The Big C: what not to say or do if you know someone who has it

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In this extract from her new book, cancer survivor Alison Tucker shares some tips about what people should and should not say to loved ones who are battling the disease. Picture: Getty Images/Gallo Images
In this extract from her new book, cancer survivor Alison Tucker shares some tips about what people should and should not say to loved ones who are battling the disease. Picture: Getty Images/Gallo Images

"Alison, I’ve got bad news." The voice of the pathologist at the other end of the telephone confirmed for Alison Tucker the news no woman ever wants to hear: she had breast cancer.

In her new book, My Best Worst Year, the South African shares some of her experiences from the year she spent undergoing treatment.

One of the things she learnt was that friends and family are often desperate to offer their support but have no idea what they should be doing. In this extract from her book, she offers some helpful advice about what you can do that to make a real difference as well as the things you should never say to a cancer patient - for instance, she suggests you should definitely avoid expressions such as "Don't worry, it's going to be okay", "keep fighting" and "You're so brave".

Choose your words with care

There are a few expressions that really used to unsettle me, and I know they do the same for many others too. For instance avoid the following:

Referring to cancer as a "journey"

Honestly, you are going nowhere. For me, a journey is a trip somewhere, an exciting excursion, not enduring cancer treatment. You do not pack a suitcase. You do not take your passport. A journey is ‘an act of travelling from one place to another’. This is not cancer, so please do not refer to what I am going through as a journey. 

Saying things like: "keep fighting"

Winning or losing the cancer battle. Cancer is not a war. A cancer patient does not don combat gear and fight. In fact, they are unlikely to have that sort of energy.

Cancer patients are simply doing what they need to do, going through the motions of what they have been advised are their best options. You spend energy coming to terms with cancer. I would sooner see it as something I am gently nudging and encouraging to disappear, rather than an enemy that I am trying to eradicate.

Furthermore, this notion implies that if someone does not recover from cancer, they did not fight hard enough, which is not true. 

"You are so brave"

Talking about being brave makes it feel as though you have a choice, but the reality is you do not. You are having treatment because that is what you must do. You get through it okay on most days but that does not make you a hero of any sort.

"Everything is going to be okay"

This is a commonly used expression when communicating with cancer patients. But it only serves to trivialise their fear and to make them feel guilty for feeling anxious  in the first place.

It does not acknowledge their feelings and fear and does not take into consideration that everything was not okay when they had their biopsy and may not have been okay through several milestones during their cancer experience.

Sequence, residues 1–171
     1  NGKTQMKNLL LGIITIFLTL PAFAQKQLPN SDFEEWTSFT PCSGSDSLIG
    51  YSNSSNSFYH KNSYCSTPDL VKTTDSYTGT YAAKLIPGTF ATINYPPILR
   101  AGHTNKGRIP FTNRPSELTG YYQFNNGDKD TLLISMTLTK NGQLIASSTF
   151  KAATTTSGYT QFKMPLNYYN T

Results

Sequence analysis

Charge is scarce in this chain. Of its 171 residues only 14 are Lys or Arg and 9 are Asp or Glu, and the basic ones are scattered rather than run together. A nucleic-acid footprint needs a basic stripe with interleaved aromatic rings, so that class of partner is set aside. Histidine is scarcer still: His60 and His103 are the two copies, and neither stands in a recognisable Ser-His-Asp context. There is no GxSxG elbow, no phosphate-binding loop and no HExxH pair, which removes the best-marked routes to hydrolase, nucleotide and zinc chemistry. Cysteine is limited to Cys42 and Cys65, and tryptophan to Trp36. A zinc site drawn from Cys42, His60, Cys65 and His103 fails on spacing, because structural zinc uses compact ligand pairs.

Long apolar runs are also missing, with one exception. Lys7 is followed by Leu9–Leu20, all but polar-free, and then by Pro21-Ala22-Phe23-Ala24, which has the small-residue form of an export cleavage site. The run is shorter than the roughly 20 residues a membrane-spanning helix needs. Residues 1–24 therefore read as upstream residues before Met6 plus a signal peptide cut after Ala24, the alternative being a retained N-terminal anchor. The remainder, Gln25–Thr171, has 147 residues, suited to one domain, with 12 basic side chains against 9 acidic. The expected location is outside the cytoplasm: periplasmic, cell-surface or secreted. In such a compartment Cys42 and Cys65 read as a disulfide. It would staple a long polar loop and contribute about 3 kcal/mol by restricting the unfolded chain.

Cancer produces plenty of surprises and everything is not always okay. You might ask what one should say instead? Cancer patients just want to feel heard and have their fear acknowledged so something as simple as the following would be appreciated: ‘It must feel scary. I really hope that everything will be okay for you.’

'Do not ask, just do'

"Do not worry, it will all be over soon" 

It feels like it is never going to end and, it does not end. Even when treatment is over, you remain a cancer patient. You remain a cancer patient for the rest of your (hopefully) long life.

Saying it "will all be over soon" is dismissive of how you are feeling during the long haul and the word "soon" just does not cut it. Perhaps saying something like, "I can understand it must feel like it is dragging on forever. I admire you for your endurance" would sit more comfortably.

Even the adage "This too shall pass" resonates better than the "soon" statement.

"How are you?" 

Okay, I confess that I am being a bit "picky" here as this is seemingly a very ordinary question. A preferred option with a cancer patient would, however, be: "How has your day been today?"

The former makes me want to answer, "You mean, besides having cancer?" The latter makes me feel that I can share whether I have had a good or a bad day, relatively speaking, and acknowledges that there are both in the world of a cancer patient.

"Please let me know if there’s anything I can do" 

In times of death or illness, I have often used the words. Now I know: do not ask, just do.

It is very hard to ask for help or to reallocate seemingly small tasks to friends. When they anticipate your needs and simply tell you that they have "got it" and are actioning it, it is the most welcome sense of relief.

How you can really make a difference

Remove stress

Anything that lightens the load will have a positive impact in reducing the patient's stress and making life that much more bearable during a tough, trying time.

Some simple examples of removing stress could be proactive offers to:

  • Drive them to an appointment.
  • Collect some bread and milk or grocery supplies for them on your way home from work.
  • Fetch or drop children off at activities on their behalf or give them a reprieve from their school lift club.
  • Take their medication prescriptions to the pharmacy for them.
  • Deliver a cooked meal for their family 

Published by Tracey McDonald Publishers. Available
Published by Tracey McDonald Publishers. Available in all good bookstores with a recommended retail price of R280.

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